The high Australian dollar is forcing corporate Australia to become "leaner and meaner", economists say, prompting manufacturers such as CSR to cut hundreds of jobs.
CSR said it planned to shed 150 staff from its Viridian glass business, west of Sydney, blaming the "persistently high Australian dollar" and weak construction market for multimillion-dollar losses in the glass business.
However, HSBC chief economist Paul Bloxham, formerly with the Reserve Bank, said the dollar could not be blamed for every economic problem.
He said the high dollar might be helping to fix Australia's weak productivity problem.
Figures released last week by the Bureau of Statistics showed labour productivity had improved 3.5 per cent in the 12 months to December. That compares with just 0.9 per cent labour productivity growth in 2011.
"Business models are being reassessed and those that do not work well are being adjusted. These sectors are becoming leaner and meaner," Mr Bloxham said.
Even so, CSR said, the stronger dollar had made it cheaper to import glass products on a "permanent" basis while construction activity was likely to grow at a slower-than-expected pace in coming months.
"A persistently high Australian dollar ... has put downward pressure on pricing and has enabled alternative import supply chains to be established which are now expected to become a permanent feature of the glass market in the future," the company said.
"[And] increasing energy and manufacturing costs ... have exacerbated Viridian's competitive position relative to imports."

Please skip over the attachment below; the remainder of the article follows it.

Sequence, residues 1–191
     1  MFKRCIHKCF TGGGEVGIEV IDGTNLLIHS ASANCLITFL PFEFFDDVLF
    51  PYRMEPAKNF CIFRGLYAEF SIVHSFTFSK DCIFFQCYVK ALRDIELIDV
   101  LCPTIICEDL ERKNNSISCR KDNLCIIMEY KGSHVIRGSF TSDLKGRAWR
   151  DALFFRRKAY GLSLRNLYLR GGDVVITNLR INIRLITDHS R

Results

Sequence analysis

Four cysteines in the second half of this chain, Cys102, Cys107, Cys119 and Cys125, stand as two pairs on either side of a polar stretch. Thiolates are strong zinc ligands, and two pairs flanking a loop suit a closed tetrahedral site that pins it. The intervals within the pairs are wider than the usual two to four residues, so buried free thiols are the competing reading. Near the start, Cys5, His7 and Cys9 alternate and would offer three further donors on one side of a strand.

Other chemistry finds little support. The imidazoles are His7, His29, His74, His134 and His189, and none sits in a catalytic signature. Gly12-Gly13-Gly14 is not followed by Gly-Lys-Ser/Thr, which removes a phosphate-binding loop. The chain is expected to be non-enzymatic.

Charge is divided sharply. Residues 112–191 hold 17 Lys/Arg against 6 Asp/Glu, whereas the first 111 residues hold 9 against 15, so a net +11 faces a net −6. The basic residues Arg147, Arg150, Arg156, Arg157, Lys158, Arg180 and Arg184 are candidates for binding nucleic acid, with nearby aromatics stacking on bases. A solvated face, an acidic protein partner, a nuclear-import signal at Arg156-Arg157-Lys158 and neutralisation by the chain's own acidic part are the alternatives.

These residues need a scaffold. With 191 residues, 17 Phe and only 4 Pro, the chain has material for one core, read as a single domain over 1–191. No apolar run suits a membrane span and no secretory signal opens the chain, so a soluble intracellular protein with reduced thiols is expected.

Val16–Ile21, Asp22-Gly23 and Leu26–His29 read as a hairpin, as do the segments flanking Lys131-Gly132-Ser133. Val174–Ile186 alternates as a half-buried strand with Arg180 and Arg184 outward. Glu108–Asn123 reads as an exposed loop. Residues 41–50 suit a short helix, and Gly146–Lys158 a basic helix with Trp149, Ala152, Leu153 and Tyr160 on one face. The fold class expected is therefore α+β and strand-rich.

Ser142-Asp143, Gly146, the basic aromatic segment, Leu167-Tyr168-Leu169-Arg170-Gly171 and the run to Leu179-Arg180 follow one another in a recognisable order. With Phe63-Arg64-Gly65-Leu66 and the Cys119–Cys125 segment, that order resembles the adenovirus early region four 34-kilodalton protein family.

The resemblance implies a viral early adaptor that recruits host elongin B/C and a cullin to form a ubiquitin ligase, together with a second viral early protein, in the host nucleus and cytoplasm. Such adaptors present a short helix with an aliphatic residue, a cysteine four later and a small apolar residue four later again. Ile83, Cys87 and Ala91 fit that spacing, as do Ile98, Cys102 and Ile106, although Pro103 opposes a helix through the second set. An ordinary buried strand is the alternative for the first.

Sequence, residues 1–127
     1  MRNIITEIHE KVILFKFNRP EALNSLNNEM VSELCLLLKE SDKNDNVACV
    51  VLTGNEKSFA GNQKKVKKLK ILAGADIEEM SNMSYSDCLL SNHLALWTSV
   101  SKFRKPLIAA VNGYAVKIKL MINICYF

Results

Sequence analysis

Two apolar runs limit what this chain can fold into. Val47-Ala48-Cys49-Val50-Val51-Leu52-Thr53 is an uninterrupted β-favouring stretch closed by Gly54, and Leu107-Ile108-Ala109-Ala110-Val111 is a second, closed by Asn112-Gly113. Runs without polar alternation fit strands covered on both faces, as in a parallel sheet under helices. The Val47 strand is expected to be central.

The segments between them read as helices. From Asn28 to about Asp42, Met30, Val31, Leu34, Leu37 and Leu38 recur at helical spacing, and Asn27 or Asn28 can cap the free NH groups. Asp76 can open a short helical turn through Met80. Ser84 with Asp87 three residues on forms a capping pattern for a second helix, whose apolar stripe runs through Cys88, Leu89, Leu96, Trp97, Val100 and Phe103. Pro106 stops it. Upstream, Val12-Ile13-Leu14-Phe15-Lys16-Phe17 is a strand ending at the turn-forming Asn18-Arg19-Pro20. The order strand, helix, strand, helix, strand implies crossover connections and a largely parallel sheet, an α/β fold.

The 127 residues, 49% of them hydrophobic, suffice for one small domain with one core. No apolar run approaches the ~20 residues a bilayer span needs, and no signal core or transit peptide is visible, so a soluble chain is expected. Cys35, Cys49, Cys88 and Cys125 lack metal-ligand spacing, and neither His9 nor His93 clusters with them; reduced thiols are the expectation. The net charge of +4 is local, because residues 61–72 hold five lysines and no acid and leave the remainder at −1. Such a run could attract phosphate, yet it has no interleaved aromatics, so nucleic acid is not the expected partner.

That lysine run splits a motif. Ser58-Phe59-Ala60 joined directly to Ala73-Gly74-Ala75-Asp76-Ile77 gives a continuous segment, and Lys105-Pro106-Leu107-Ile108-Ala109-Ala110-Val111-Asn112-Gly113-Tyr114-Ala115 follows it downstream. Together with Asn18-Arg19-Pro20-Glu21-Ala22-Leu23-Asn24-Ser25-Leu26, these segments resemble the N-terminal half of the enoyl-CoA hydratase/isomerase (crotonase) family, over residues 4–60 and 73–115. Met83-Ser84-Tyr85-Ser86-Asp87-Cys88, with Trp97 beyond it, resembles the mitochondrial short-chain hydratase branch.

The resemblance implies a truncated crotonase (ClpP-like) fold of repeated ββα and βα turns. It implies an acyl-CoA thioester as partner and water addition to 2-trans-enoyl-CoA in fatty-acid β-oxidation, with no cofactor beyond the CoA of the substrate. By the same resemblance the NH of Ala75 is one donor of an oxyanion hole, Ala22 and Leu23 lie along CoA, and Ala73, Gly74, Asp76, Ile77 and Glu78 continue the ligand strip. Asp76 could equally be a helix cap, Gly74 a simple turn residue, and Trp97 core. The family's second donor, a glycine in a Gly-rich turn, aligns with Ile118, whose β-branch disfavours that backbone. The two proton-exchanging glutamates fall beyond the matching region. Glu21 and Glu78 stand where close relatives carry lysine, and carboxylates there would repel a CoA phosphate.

Net profit would now be lower than expected for fiscal year 2013, between $30 million and $34 million, the company said.
This was down from guidance issued four months ago in which net profit was forecast to come in at between $35 million and $54 million.
CSR's shares dropped 9¢, or 4.3 per cent, immediately after the announcement of its job losses, but recovered through the day to close 2.9 per cent higher, at $2.16.
The 150 jobs will be lost after CSR closes its glass plant in Sydney's Ingleburn and consolidates two other western Sydney plants by next January.
In January key rival Boral said it would axe as many as 700 jobs - or one in three back-office positions - as it sought to "right-size" the company at the bottom of the building cycle.
NSW, where Boral's head office was based, would bear the brunt of the cuts.
HSBC's Mr Bloxham said there were signs the stronger dollar was helping to fix the country's productivity problem by forcing businesses, particularly manufacturers and retailers, to restructure in the face of more competition.
"The Australian dollar has now been high for quite some time ... it has been above parity for almost 2 years," Mr Bloxham said.
"While further government reform of the labour market and regulatory environment as well as improved infrastructure would help boost productivity, it seems market prices - in this case the floating exchange rate - are already helping, as the high Australian dollar has exposed many industries to more fierce international competition," he said.